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Improve English proficiency now
FocusM team | 06 Oct 2017 00:30
Raja Zarith Sofiah Sultan Idris Shah recently called for serious intervention to improve English among the younger generation.  

Raja Zarith, who is the royal patron of the Malaysian English Language Teaching Association, joins the chorus of calls by prominent Malaysians calling for English proficiency. But their efforts seem to be falling on deaf ears.
 
Employers still lament they are unable to find graduates who are proficient in English. Many graduates also can’t pursue post-graduate studies abroad due to this. 

English is the language of the international business world and also the most widely used language of the internet. Yet improving proficiency in it does not appear to be a priority in Malaysia. 

To date, only Johor and Sarawak have worked towards improving English proficiency. An online survey conducted by the Performance Management and Delivery Unit (Pemandu) showed 90% of 190,000 respondents supported improving English proficiency. 

But such survey results don’t mean anything unless there is political will to take action. All we see are the occasional announcements by the authorities to improve the standard of English among students and teachers. These initiatives  fade over time with no results to show. 

For instance, the government introduced the Uphold Bahasa Malaysia and Strengthen the English Language policy in primary schools in 2011. To what extent has it succeeded?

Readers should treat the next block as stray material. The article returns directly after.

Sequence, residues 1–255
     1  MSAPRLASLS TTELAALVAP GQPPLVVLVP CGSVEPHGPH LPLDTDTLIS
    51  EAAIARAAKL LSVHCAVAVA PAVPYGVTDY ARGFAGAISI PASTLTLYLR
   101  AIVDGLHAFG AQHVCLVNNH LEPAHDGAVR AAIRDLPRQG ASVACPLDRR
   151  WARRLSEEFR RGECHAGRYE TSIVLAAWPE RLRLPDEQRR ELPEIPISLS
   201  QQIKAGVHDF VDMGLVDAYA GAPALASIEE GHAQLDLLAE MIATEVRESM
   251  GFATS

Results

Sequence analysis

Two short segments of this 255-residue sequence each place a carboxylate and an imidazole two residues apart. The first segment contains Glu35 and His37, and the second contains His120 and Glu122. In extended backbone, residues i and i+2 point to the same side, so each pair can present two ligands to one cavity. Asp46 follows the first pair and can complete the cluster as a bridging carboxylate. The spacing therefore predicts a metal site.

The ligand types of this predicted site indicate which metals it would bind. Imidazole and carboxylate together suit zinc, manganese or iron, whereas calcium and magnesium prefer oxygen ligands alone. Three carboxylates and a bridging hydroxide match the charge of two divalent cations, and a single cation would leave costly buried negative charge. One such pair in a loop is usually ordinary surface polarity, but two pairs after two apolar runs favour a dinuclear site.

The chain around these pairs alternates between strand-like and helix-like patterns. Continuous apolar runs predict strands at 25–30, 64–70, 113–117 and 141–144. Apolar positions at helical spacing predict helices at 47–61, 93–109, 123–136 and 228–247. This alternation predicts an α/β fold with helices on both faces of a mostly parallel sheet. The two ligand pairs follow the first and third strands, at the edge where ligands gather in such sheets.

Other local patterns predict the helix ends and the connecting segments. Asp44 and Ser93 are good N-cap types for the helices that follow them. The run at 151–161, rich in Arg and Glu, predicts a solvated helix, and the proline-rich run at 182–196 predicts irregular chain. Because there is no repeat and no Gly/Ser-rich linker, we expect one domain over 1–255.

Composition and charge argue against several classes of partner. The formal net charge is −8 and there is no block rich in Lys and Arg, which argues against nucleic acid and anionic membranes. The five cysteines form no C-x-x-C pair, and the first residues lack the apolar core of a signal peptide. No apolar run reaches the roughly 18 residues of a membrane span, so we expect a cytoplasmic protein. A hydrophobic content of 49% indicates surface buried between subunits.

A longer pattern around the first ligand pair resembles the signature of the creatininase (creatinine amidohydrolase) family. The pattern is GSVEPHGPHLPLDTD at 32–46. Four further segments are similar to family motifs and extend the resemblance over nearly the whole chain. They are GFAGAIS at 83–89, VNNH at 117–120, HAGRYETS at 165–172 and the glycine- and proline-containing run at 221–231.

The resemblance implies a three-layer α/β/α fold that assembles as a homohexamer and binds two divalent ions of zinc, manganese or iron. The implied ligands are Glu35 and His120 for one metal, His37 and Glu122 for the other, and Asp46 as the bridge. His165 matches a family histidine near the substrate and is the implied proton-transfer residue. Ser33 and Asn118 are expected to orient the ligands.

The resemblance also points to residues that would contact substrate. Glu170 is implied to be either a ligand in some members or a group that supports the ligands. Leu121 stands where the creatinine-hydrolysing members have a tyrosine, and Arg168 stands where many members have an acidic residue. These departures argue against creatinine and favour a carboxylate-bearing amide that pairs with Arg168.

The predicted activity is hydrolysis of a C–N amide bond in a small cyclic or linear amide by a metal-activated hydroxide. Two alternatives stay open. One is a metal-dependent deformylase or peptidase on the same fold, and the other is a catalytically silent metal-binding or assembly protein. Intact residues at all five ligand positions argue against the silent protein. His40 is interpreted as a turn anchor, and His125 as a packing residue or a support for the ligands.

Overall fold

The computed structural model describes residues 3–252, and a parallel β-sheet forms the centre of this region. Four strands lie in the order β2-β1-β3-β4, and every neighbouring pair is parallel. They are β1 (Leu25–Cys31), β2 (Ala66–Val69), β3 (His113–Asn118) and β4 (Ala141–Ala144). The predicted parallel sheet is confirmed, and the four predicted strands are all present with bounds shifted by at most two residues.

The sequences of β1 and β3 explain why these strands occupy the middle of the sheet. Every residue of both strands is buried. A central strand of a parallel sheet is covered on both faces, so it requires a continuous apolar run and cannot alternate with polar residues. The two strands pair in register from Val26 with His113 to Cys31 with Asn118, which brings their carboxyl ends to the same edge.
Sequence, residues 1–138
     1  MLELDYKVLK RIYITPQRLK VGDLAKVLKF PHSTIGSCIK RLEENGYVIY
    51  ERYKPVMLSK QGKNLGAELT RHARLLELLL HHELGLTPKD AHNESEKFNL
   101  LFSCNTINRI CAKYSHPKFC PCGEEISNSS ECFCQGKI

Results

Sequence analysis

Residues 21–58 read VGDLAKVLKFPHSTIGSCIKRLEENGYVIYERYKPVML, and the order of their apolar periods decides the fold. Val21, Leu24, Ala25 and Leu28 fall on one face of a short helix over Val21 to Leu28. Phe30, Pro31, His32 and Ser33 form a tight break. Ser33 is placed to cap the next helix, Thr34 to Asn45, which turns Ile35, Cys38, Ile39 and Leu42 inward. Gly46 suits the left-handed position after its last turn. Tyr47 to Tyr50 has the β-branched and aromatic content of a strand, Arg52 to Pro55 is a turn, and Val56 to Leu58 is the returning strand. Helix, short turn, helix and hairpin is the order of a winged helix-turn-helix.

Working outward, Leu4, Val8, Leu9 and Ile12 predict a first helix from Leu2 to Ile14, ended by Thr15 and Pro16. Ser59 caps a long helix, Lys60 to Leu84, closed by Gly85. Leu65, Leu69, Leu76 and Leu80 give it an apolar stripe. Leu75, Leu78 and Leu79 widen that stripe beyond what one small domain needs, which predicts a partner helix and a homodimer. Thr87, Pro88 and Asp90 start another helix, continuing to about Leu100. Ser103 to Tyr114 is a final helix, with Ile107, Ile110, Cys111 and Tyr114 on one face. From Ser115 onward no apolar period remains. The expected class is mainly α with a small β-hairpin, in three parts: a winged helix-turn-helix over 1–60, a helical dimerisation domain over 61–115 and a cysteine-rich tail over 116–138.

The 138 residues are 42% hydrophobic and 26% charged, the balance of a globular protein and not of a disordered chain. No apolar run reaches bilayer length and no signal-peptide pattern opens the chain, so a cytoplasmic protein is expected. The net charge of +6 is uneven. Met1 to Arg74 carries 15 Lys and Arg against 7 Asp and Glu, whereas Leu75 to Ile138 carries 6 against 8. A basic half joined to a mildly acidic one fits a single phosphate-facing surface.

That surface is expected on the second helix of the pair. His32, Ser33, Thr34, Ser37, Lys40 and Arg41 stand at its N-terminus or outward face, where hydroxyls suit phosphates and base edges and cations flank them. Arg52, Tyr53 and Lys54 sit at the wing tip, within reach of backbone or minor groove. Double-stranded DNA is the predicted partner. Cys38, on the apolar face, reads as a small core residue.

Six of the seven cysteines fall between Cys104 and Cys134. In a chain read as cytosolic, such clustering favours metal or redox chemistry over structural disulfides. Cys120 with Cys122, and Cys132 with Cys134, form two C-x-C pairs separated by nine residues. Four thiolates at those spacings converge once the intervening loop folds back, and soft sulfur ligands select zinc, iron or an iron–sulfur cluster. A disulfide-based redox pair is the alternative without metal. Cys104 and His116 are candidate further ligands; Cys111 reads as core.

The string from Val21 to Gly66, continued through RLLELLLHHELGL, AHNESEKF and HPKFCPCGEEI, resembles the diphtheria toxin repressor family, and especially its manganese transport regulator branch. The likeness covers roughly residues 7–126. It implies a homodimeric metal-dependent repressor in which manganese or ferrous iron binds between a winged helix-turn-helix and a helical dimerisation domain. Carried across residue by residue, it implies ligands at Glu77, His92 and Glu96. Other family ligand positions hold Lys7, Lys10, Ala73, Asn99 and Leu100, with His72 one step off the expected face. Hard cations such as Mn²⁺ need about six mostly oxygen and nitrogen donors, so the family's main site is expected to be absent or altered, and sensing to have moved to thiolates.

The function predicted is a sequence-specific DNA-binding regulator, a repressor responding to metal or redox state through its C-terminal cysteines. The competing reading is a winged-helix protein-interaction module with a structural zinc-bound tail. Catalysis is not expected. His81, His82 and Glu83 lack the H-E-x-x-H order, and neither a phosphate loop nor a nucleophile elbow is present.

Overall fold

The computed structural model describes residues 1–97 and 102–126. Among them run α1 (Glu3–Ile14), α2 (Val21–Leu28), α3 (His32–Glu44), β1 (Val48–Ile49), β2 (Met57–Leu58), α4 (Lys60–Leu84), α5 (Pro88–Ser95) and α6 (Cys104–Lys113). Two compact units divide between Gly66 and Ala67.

The latest initiative is importing English textbooks to be used in schools from next year. It is part of the government’s move to implement the new Common European Framework of Reference for Languages aligned curriculum. 

If the students or teachers are not proficient in English in the first place, what can we expect to achieve by teaching those subjects in English? It was reported that 70% of the teachers who sat for the English Language Cambridge Placement Test performed poorly. 

At present, the use of English in schools is confined to English language classes and conversation with teachers. But despite studying the language for at least 11 years in school, many students are unable to master the language.    

In 2014, a World Bank economist lamented that Malaysia’s poor education system was more worrying than its household debt. The lack of proficiency in English is a big part of that. 

If we do not step up our efforts rapidly, we will continue to slip down the education ranks internationally. That would, in turn, adversely affect the economy.